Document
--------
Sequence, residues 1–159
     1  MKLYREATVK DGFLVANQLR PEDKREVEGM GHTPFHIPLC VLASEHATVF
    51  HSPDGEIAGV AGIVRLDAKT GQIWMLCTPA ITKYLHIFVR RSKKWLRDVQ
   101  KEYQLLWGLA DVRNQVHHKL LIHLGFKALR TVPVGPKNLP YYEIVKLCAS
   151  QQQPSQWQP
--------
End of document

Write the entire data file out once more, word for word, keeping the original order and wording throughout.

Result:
Sequence, residues 1–159
     1  MKLYREATVK DGFLVANQLR PEDKREVEGM GHTPFHIPLC VLASEHATVF
    51  HSPDGEIAGV AGIVRLDAKT GQIWMLCTPA ITKYLHIFVR RSKKWLRDVQ
   101  KEYQLLWGLA DVRNQVHHKL LIHLGFKALR TVPVGPKNLP YYEIVKLCAS
   151  QQQPSQWQP